CAIRO: Prominent Egyptian novelist, story writer and critic Edward al-Kharrat passed away Tuesday at age 89 after a long illness, Youm7 reported.
His funeral will be held Tuesday in Cairo-based Kasr Al-Dobara Church and he will be buried in Alexandria’s Borg al-Arab cemetery.
Al-Kharrat was born in Alexandria to a Coptic Christian family in 1926; he graduated from the Faculty of Law at Alexandria University in 1946. In 1950, he was jailed over belonging to a left-wing political movement and was released in the same year, according to Al Jadid Magazine.
He started his literature career via writing short stories; the first collection Hitan Alya (High Walls) in 1958. One of his greatest novels is Rama and the Dragon that published in 1980; it depicts a dialogue between a woman and a man and represents different Greek, Pharonic, and Islamic eras. His novels include “The Other Time;” “The Railway Station;” “Ribs of the Desert;” “and Girls of Alexandria.”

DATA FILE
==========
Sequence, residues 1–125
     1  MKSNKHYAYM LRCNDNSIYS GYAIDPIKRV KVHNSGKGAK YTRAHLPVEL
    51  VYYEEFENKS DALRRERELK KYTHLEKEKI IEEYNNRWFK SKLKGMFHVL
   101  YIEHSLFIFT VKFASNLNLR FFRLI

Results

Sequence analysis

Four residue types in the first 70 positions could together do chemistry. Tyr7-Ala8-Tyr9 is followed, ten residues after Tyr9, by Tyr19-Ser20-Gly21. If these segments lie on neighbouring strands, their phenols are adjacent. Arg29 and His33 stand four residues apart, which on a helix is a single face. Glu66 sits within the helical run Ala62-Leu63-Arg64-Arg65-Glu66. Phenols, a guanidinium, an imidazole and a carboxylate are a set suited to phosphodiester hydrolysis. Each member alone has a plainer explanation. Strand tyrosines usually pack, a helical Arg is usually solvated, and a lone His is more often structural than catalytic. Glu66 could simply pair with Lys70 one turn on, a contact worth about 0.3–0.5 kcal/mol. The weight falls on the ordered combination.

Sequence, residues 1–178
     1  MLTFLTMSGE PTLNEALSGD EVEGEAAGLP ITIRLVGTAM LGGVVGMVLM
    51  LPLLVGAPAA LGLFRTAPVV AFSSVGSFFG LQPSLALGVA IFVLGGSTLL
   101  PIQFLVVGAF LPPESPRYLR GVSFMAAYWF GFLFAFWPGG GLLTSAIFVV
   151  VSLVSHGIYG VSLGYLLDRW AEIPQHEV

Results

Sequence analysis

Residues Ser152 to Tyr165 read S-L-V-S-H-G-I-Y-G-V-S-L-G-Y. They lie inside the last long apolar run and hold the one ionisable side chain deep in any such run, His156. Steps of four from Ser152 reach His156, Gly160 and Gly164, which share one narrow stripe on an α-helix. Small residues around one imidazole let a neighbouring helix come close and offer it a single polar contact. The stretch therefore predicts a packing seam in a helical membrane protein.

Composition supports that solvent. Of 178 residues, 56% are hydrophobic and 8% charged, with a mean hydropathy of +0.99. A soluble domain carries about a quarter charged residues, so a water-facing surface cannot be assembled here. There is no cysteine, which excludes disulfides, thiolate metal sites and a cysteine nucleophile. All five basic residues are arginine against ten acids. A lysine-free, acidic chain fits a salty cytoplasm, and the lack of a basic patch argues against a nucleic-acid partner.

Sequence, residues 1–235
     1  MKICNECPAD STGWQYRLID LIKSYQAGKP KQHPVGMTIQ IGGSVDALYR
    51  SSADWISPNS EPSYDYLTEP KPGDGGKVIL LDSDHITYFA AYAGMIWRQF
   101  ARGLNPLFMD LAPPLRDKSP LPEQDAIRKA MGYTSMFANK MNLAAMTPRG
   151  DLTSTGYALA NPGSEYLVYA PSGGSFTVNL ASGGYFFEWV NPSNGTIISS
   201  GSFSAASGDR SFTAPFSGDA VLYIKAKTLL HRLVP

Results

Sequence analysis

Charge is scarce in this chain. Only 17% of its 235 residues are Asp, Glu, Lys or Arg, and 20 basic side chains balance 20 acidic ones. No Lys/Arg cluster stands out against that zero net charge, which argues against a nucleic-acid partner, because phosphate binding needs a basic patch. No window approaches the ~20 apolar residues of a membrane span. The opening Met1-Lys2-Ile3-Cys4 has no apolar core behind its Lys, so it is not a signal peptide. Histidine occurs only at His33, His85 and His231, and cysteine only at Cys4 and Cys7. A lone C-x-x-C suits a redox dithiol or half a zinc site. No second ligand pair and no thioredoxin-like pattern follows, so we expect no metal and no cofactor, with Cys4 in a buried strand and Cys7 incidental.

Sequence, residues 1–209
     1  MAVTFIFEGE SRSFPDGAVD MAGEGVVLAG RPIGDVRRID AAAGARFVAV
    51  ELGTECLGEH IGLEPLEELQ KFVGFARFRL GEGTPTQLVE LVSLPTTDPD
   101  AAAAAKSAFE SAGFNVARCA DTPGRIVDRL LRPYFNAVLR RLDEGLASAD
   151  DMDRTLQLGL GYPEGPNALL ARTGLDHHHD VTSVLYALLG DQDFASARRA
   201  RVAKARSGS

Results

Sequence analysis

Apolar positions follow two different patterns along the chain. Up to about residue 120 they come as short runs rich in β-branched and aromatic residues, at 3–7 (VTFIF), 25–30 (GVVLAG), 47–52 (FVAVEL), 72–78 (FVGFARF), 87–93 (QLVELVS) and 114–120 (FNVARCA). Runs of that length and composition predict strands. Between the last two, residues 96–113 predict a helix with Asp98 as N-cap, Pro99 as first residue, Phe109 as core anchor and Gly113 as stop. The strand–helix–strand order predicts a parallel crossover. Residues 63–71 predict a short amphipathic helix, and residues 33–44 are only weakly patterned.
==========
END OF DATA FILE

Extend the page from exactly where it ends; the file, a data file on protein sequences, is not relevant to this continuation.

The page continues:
Al-Kharrat won the State Prize for Fiction in 1973, the Franco-Arab Friendship Prize in France in 1991, the Al-Owais Award for Fiction in 1994/1995, the Cavafis Award Greek Studies in 1998, and the Naguib Mahfouz Award for Fiction of the American University of Cairo in 1999.